Now, I take a look at the board and I say, Well, Jay is not doing anything, so if I put a little bit make a few more birdies, I might do something.

10 actually, every hole was a big hole, obviously, out there, but 10 was a big hole. 3 wood off the tee and pulled a 7 iron to the back edge of the green, ran my first putt by 12 feet and holed it coming back for a par.

The very next hole, 9 iron stiff to three feet for birdie.

Then two real good shots on No. 12 with a driver, 6 iron, and made it from about 15 feet there for birdie.

Then 13, as I said, I really hacked it. I hit not a bad drive, but it was in the right rough, had a good lie, caught the 4 wood in the bottom neck, ended up in the fairway bunker, a terrible shot, and I chunked it out of there. I chunked my fourth shot with a sand wedge, it ran up there about 10 feet short, and then holed it.

Art knows what that's called. It's called a Watson par. (Laughter).

Then the very next hole I hit a flush 3 iron right at the hole, a beautiful shot with a 3 iron about 5 feet from the hole and made the putt for birdie.

15, trying to cut the tee shot, I double crossed and pull hooked it in the right rough. I hit it a pretty good shot from the right rough. I took a 4 wood out and hacked it up there by the green. A pretty good chip, but it goes left. I'm thinking the chip is going to go right, but it goes left about eight feet, and I missed that putt for bogey.

I played the last three holes very solidly. I hit driver, 4 wood onto the green at 16, 2 putted from about 60 feet. I made my second putt from about 5 feet.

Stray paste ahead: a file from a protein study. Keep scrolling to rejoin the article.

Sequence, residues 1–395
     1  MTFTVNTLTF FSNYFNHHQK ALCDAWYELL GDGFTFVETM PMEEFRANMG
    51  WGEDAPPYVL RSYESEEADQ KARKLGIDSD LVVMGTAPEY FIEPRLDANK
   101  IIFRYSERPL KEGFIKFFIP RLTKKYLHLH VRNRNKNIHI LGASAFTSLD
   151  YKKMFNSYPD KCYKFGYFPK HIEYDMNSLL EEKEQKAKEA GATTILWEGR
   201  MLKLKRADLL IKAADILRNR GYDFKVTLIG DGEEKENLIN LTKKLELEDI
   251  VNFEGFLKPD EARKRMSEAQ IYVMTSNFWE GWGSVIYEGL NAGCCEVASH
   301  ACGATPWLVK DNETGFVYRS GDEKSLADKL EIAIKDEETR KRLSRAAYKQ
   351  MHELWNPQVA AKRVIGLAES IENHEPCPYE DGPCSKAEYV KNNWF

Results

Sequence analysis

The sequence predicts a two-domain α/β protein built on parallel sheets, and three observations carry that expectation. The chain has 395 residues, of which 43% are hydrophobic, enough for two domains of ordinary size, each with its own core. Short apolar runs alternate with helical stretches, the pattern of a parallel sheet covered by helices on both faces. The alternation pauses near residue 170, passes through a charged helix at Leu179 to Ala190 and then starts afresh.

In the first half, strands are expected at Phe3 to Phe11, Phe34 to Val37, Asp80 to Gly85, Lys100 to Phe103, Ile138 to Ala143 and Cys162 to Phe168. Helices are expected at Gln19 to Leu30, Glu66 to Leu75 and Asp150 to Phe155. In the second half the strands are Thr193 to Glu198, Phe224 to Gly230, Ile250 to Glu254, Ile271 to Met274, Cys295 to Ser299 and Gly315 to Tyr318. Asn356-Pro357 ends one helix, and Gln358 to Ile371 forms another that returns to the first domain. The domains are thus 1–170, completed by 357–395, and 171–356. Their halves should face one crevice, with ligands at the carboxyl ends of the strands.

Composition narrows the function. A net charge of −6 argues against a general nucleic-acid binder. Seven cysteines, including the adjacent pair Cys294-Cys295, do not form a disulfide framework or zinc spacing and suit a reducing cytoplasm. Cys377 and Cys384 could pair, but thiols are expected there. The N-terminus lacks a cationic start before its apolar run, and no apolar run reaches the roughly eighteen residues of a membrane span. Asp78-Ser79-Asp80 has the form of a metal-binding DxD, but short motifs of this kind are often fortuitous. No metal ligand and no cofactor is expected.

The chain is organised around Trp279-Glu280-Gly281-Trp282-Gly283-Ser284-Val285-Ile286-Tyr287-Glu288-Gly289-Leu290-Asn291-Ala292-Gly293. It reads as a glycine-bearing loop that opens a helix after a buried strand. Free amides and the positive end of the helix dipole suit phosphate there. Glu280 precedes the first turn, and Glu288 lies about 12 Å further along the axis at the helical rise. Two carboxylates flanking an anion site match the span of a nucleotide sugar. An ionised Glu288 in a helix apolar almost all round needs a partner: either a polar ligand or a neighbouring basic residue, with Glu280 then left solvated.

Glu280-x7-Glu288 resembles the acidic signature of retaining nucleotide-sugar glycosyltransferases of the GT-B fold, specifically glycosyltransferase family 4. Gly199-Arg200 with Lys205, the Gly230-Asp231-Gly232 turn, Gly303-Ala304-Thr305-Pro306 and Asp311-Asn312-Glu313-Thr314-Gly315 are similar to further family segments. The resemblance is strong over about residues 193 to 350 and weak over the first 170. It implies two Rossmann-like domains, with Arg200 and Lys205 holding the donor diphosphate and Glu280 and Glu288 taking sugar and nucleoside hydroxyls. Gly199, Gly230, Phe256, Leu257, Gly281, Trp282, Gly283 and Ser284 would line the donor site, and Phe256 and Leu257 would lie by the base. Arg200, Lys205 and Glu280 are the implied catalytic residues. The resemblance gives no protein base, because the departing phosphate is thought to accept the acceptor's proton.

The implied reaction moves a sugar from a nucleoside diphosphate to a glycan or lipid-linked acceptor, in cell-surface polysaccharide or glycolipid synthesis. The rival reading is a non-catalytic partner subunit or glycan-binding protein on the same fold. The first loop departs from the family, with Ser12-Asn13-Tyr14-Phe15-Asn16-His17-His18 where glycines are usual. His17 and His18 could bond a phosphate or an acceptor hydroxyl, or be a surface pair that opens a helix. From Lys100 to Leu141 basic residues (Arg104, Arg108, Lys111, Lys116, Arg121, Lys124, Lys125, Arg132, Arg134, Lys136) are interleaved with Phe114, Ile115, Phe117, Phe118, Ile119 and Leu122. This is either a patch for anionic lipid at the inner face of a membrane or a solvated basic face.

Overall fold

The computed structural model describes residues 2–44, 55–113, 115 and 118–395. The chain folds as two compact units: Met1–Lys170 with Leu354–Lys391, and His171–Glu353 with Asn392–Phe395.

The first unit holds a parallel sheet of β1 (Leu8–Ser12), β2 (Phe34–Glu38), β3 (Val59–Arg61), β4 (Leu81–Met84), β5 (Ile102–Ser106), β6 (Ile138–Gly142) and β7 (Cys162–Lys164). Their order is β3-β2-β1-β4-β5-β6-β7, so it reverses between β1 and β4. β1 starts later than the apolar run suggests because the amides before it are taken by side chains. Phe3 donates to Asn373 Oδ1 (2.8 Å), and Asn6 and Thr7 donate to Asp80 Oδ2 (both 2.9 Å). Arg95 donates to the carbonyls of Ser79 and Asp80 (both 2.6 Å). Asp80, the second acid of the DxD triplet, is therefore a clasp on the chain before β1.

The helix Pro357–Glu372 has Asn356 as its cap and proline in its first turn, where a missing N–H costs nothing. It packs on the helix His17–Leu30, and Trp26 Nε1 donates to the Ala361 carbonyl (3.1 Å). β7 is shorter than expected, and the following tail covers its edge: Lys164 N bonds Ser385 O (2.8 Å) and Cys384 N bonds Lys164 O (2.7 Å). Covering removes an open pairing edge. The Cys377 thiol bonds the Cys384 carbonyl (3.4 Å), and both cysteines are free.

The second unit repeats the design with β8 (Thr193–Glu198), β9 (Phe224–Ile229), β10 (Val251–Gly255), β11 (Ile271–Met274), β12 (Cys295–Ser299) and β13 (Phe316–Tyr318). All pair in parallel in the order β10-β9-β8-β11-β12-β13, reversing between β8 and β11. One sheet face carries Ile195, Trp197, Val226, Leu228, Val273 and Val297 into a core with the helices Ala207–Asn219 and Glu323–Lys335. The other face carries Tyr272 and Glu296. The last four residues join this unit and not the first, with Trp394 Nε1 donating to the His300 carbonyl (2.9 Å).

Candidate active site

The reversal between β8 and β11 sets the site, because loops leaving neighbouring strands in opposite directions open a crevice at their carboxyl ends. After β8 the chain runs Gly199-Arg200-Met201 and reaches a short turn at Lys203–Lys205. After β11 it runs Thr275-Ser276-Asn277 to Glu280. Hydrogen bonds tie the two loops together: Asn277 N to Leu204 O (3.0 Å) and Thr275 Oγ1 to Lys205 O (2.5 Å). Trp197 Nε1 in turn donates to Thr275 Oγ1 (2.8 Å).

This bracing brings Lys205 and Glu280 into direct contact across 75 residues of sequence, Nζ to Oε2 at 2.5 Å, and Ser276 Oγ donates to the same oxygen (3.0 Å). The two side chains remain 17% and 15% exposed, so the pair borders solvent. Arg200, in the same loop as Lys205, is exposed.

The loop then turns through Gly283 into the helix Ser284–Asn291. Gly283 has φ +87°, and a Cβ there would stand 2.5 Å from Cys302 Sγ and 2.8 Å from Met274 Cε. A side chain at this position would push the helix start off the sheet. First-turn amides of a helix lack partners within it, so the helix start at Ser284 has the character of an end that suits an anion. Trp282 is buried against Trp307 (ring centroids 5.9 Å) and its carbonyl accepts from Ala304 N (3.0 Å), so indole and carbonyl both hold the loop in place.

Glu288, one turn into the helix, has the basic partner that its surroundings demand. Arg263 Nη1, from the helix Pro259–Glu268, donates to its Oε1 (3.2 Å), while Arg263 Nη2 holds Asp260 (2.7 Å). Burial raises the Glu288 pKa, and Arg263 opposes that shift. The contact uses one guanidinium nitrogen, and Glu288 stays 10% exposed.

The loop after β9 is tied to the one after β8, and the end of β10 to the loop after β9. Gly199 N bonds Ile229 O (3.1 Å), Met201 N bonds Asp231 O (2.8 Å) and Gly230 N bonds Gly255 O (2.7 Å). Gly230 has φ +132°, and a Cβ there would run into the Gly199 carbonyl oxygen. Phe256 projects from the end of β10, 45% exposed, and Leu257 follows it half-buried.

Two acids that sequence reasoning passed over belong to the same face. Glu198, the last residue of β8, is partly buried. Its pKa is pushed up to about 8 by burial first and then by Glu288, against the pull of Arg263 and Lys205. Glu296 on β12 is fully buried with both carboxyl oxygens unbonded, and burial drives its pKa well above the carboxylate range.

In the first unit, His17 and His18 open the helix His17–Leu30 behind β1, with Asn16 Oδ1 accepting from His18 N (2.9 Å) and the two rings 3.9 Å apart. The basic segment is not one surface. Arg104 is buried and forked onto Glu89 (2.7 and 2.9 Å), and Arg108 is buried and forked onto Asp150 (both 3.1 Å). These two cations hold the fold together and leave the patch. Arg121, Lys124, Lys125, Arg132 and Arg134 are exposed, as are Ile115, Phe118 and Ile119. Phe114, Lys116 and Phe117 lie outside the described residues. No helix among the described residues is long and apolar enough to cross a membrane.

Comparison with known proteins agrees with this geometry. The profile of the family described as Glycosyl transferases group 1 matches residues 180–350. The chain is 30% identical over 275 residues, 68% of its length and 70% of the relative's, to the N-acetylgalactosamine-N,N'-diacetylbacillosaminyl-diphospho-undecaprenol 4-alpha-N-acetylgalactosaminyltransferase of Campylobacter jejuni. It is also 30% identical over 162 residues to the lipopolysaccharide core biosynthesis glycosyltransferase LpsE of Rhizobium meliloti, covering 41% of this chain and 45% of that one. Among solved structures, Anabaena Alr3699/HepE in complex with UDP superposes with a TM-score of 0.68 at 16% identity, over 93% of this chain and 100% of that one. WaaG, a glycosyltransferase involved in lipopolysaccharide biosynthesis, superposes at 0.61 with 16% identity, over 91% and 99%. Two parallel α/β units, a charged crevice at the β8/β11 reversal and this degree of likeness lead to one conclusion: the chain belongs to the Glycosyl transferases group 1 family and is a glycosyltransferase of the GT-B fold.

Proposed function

17, I missed about a 10 foot birdie putt at 17. I hit 9 iron in about 10 feet and just pulled the putt just a tad.

18, I hit 3 wood off the tee, and hit a 7 iron right at the hole, came up about 20 feet short. And my thought on that putt was, I think it's going to go a little bit left. I saw Kite's putt break a little left, but I said, I don't want to get it out of the hole. I started it right at the hole and it just didn't break. It just stayed there on the left edge and went in.

Again, it's unexpected. I didn't think Jay was going to shoot the score he did today, but that does happen. I'm very grateful to be the champion.

As far as the yearlong Charles Schwab event was concerned. I didn't know my position I knew I was fifth coming into today, but I didn't really think I had a chance with Dana right in there, with the point system, even though we were triple points today. I'm glad I was wrong.

Q. Given that you didn't expect to win, what were your emotions when the putt went in?

TOM WATSON: When that putt went in, a lot of emotions. The first emotion was that that's what I'm out here to do, is compete and win. It was really kind of a nerve racking day, because I really wanted to do well my last round of the year. You don't want to go out on a low, you want to go out on a high. I've done that a couple of times on the Champions Tour now. It makes the winter months a whole lot better when you win the last tournament. I can tell you that. It's like birdieing the last hole, it makes dinner taste a lot better.

Q. Go back to 2003 when 16 and 17 were (Inaudible)?